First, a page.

Kentucky Derby

Derby-winning trainer McGaughey credits staff with barn's success

A muddy Orb, with Joel Rosario up, headed to the Kentucky Derby winner's circle alongside assistant trainer Robbie Medina, left, and trainer Shug McGaughey. Medina has worked for McGaughey since 1995.
A muddy Orb, with Joel Rosario up, headed to the Kentucky Derby winner's circle alongside assistant trainer Robbie Medina, left, and trainer Shug McGaughey. Medina has worked for McGaughey since 1995. Herald-Leader

It takes quite a display of ability to get the collected Shug McGaughey to give in to gushing. Exhibit A: his Kentucky Derby-winning charge Orb, who has inspired countless superlatives during his development.

As the Hall of Fame trainer extolled the virtues of his protégé the morning after his classic win, he still saved some of his most adulatory adjectives for the figures within his shedrow who long ago proved themselves exceptional.

"My appreciation for it all ... is through the roof for what they've been able to do and sacrifices they've made," McGaughey said.

The names Buzzy Tenney, Jennifer Patterson and Robbie Medina won't show up on the past performances detailing the progress of any of the horses in McGaughey's care. Such anonymity is part of the deal when one signs up for one of the many supportive roles needed in order for a racehorse to achieve a modicum of success.

While Orb's Kentucky Derby triumph has been held up as the ultimate example of McGaughey's horsemanship, the man himself has repeatedly pointed to his staff as equally deserving of the influx of recognition he has received.

Among the many testaments to McGaughey's skill and character is that his barn is filled with grooms, hotwalkers, riders and assistants that have been with him for years and, in many cases, decades — few as appreciated as the aforementioned trio.

Friends since their childhood days in Lexington, Tenney has been McGaughey's No. 1 assistant since the latter was hired as the Phipps family's private trainer in 1985. Eighteen years ago this month, Chicago native Medina asked Tenney for a job with the McGaughey shedrow and has become one of the head assistants himself.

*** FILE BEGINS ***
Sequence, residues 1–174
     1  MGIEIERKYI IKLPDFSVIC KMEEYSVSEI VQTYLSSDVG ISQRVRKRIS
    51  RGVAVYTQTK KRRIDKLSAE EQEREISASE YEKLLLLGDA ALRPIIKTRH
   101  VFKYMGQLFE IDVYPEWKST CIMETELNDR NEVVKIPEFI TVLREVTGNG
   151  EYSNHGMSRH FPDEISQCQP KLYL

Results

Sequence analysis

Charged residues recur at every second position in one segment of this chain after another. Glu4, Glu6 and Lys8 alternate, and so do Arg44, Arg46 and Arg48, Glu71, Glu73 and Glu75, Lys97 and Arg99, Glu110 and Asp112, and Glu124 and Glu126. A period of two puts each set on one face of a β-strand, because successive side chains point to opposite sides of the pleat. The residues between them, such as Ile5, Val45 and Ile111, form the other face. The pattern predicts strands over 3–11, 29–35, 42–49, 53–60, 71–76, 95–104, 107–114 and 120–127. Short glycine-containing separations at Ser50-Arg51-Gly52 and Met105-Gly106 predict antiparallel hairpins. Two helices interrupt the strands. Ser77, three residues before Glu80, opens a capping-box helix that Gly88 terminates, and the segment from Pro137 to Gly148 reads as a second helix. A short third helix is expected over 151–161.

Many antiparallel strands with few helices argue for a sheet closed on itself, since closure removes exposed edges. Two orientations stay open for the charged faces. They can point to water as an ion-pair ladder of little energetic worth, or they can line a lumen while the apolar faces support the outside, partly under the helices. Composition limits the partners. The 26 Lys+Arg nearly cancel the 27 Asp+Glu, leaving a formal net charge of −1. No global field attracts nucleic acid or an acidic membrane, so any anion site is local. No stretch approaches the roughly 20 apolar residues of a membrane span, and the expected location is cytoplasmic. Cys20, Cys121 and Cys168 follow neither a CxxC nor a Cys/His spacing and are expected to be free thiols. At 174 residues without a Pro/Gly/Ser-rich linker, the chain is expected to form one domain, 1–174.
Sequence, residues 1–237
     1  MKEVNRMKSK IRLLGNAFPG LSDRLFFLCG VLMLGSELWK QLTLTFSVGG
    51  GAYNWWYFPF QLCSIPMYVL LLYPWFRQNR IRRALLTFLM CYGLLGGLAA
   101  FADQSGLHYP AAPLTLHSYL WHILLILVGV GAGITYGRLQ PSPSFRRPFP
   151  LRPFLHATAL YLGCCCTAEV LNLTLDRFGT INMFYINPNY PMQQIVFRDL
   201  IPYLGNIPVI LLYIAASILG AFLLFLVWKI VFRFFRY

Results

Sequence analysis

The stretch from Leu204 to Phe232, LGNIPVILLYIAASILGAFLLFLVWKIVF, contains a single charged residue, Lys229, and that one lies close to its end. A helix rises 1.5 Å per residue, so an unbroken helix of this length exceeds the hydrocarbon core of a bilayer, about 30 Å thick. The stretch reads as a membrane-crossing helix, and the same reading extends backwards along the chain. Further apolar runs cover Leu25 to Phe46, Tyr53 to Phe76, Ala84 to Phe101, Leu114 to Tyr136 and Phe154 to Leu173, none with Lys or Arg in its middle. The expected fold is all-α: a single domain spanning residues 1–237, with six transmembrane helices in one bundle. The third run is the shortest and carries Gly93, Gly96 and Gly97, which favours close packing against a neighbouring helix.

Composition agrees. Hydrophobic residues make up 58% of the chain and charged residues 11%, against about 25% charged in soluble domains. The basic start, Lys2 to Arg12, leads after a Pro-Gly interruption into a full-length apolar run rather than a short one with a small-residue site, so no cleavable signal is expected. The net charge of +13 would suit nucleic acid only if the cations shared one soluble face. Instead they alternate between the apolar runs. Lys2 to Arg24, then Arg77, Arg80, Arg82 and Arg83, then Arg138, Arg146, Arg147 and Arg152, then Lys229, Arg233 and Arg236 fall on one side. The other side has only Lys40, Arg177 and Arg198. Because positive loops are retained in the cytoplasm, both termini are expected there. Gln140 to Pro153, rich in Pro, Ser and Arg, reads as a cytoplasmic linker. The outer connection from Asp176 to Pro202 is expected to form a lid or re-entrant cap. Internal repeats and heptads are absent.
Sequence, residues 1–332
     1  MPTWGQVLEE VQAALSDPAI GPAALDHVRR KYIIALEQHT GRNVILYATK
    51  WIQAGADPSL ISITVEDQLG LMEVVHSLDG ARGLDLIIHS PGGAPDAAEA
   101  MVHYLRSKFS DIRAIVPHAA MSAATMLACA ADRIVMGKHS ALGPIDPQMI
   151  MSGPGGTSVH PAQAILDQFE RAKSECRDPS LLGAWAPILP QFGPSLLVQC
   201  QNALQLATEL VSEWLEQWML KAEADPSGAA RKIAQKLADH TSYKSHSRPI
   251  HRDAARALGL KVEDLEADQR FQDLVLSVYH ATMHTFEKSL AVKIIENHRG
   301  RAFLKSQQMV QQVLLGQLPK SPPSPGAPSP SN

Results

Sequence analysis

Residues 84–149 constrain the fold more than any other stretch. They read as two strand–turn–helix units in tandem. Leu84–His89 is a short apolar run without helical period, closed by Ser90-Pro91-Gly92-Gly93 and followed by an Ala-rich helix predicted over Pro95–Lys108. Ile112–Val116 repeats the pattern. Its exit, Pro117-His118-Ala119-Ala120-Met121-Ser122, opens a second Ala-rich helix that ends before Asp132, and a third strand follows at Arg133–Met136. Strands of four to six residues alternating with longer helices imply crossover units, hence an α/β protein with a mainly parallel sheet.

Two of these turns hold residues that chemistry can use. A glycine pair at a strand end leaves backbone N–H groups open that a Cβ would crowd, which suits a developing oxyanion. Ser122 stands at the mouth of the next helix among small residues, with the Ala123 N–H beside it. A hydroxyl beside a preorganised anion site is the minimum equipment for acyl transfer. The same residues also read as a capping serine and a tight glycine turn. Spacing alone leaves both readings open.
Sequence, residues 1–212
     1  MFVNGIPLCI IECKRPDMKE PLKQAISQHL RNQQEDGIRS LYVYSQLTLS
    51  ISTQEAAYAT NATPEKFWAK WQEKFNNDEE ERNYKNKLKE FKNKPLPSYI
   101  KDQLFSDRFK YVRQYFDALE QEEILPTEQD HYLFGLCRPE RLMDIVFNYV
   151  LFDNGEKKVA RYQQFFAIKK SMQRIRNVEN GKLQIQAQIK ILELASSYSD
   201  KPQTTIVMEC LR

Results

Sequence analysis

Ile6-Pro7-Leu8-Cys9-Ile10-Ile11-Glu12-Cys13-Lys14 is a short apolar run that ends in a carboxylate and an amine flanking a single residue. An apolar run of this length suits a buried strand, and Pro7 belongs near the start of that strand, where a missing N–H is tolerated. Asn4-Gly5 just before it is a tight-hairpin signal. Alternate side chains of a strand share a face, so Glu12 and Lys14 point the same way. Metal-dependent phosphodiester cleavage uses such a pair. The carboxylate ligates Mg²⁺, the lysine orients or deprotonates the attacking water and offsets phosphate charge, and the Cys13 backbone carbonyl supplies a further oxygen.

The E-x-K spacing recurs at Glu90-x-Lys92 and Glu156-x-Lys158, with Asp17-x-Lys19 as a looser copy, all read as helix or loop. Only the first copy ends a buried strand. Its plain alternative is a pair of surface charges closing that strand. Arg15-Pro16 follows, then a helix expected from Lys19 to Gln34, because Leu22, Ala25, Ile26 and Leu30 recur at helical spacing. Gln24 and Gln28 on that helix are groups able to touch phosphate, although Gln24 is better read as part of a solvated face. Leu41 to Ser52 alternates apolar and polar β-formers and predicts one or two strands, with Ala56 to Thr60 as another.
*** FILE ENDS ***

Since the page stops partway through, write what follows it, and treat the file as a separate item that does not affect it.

A fixture since joining the McGaughey crew in the Spring of 2007, exercise rider Patterson is often among the first to detect which horse has breakout potential or when something is off about a particular animal.

"A lot of these people go over and beyond," McGaughey said "And that means a lot to a guy like me."

Generating Buzz

If it is hard to imagine McGaughey's operation without Tenney in it, it's because the two Lexington natives have been bouncing thoughts off one another since being in the same Cub Scouts group.

"We've literally known each other our whole lives," said Tenney, a Henry Clay alumnus.

After graduating from the University of Mississippi in 1973, Tenney spent four years working with his father in the business world before rejecting that as his ultimate career path.

In September 1977, armed with admittedly zero experience working with horses, Tenney approached Claiborne Farm's Seth Hancock about a possible job with the storied operation. Four and a half years into his time with Claiborne, where he did everything from foaling mares to breaking yearlings, Tenney decided to go with trainer Steve Penrod to Aiken to help oversee a group of 2-year-olds one winter.

It was at that point Tenney fell hard and fast for life at the racetrack. And when McGaughey needed a right-hand man to help him with the Phipps runners, his old golf buddy was first in line.

"Shug expects a lot out of everybody that he surrounded himself with ... and I expect a lot out of Shug in return," Tenney said. "He's good to work for, and he takes good care of his horses and he does a great job with them.

"Even though he never won the Derby until May 4, he never has deviated from what his beliefs are."